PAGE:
Advances in Malaria Vaccines: A Look at Current and Future Options

 25 Apr 2023

World Malaria Day 2023 will be marked under the theme “Time to deliver zero malaria: invest, innovate, implement”. Malaria is a deadly disease caused by Plasmodium parasites that are transmitted to humans through the bite of infected Anopheles mosquitoes. There were an estimated 247 million cases of malaria in 2021 as per WHO, and the estimated number of malaria deaths stood at 619 000.

Current Treatment Options

Looking at the available treatment options for malaria, we can see that schizonticidal medications, supportive care, and hospitalizations are recommended for high-risk patients.

Anti-malarial agents such as chloroquine, hydroxychloroquine, primaquine, artemisinin-based combination therapy (ACT), and atovaquone-proguanil are also commonly used.

However, patients with Plasmodium vivax (P. vivax), one of the parasites that causes malaria, currently require a 10-day treatment that many do not complete. This often leads to the recurrence of malaria. But the new drug, Krintafel (tafenoquine), provides a solution to this problem as it prevents relapse of malaria caused by P. vivax with a single dose. This promising development offers hope for better outcomes in the treatment of malaria.

The recent progress in the development of the malaria vaccine is a notable achievement, especially for sub-Saharan African countries. This is where the world’s first malaria vaccine, RTS,S/AS01 (or RTS,S), has been used to initiate the immunization of children.

Current Options for Malaria Vaccines

The development of a malaria vaccine has been a major goal of the scientific community for decades, and significant progress has been made in recent years. The European Medicines Agency approved the pre-erythrocytic Plasmodium falciparum candidate RTS,S in 2015, making it the first human anti-parasite vaccine to pass regulatory scrutiny.

RTS, S/AS01-Mosquirix

  • The world’s first malaria vaccine, RTS,S/AS01(Mosquirix), was developed in a partnership between GSK and the Walter Reed Army Institute of Research (WRAIR).
  • A monovalent pre-erythrocytic recombinant protein vaccine called RTS, S/AS01 contains the circumsporozite protein (CSP) of P. falciparum.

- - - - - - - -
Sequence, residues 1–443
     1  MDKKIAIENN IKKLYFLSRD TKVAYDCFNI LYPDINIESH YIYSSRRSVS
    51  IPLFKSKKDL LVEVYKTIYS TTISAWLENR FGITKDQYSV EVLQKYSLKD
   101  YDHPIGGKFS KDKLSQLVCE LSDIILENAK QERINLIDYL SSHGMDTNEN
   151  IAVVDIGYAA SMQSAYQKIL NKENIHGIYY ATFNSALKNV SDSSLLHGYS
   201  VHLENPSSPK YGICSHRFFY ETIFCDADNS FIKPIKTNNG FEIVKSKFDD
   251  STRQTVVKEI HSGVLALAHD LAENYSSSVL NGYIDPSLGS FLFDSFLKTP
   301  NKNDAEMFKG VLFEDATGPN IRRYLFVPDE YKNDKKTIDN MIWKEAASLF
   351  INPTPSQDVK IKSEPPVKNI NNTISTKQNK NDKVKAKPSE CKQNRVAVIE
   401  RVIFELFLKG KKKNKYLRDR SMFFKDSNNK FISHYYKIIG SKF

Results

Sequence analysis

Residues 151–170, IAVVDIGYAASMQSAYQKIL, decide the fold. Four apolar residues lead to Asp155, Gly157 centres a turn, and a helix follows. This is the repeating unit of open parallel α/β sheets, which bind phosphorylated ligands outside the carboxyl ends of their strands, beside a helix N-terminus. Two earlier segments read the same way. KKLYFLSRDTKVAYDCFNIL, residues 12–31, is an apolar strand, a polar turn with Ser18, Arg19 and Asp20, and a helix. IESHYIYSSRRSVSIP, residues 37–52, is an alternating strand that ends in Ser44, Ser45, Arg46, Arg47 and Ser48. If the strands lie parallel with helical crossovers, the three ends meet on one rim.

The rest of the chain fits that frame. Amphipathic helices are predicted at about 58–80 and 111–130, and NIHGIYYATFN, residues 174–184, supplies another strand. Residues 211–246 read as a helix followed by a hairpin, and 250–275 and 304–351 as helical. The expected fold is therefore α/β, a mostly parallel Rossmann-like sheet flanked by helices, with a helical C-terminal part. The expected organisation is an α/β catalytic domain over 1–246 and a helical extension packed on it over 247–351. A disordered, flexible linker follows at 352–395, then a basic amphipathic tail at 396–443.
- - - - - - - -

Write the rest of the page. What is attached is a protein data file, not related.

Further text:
• The hepatitis B virus surface antigen (S) and the CSP protein are covalently coupled and cause humoral (R region) and cellular (T area) immune responses. The adjuvant system known as AS01 was created by GSK biologicals.
  • The ability of P. falciparum to infect, mature, and replicate in the liver is constrained by the cellular and humoral immunity evoked by the vaccination against the CSP protein, which is expressed on the sporozoite surface.
  • Children aged 5 to 17 months who live in areas with moderate to high malaria transmission are advised to take Mosquirix in a 4-dose regimen to prevent P. falciparum malaria.The European Medicines Agency (EMA) also gave Mosquirix a favourable scientific review as part of the EU medicines for all initiative.

PfSPZ (The radiation-attenuated Plasmodium falciparum sporozoite (PfSPZ) vaccine)

  • PfSPZ was created by Sanaria, a US-based biotechnology business, and is a live, metabolically-active non-replicating, radiation-attenuated, whole sporozoite vaccine made from the contagious NF54 strain of P. falciparum from Western Africa.
  • Three to five doses of the PfSPZ vaccine can offer up to 100% protection from homologous controlled human malaria infection (CHMI) caused by parasites of the NF54 strain.
  • PfSPZ is made to specifically target the parasite’s pre-erythrocytic sporozoite stage.


  • Pre-erythrocytic vaccination R21/Matrix-M was created by Oxford University in the UK and is produced by Serum Institute of India in Pune.
  • R21 is likewise based on circumsporozite protein (CSP), which is formed by fusing the CSP gene and hepatitis B surface antigen (HBsAg) to form a single protein, resulting in a larger proportion of CSP shown on the antigen surface than RTS,S.
  • The vaccine contains Novavax’s Matric-M, a saponin-based adjuvant that boosts the immune response, making it more effective and long-lasting.
  • The Food and Drugs Authority (FDA Ghana) recently granted R21/Matric-M full national authorization for use in Ghana. It is licenced for use in children aged 5 to 36 months who are at high risk of malaria mortality.

Future Options for Malaria Vaccines

In addition to pre-erythrocytic vaccines like RTS,S and R21/Matric-M, novel blood-stage targets and concepts, transmission-blocking vaccinations, and placental malaria vaccines are also under development. Novel antigen identification, human monoclonal antibodies, structural vaccinology, and enhanced platforms all promise to broaden and improve on RTS,S vaccine candidates.

The development of a safe and effective malaria vaccine is a critical goal in the fight against this deadly disease. While significant progress has been made, much work remains to be done.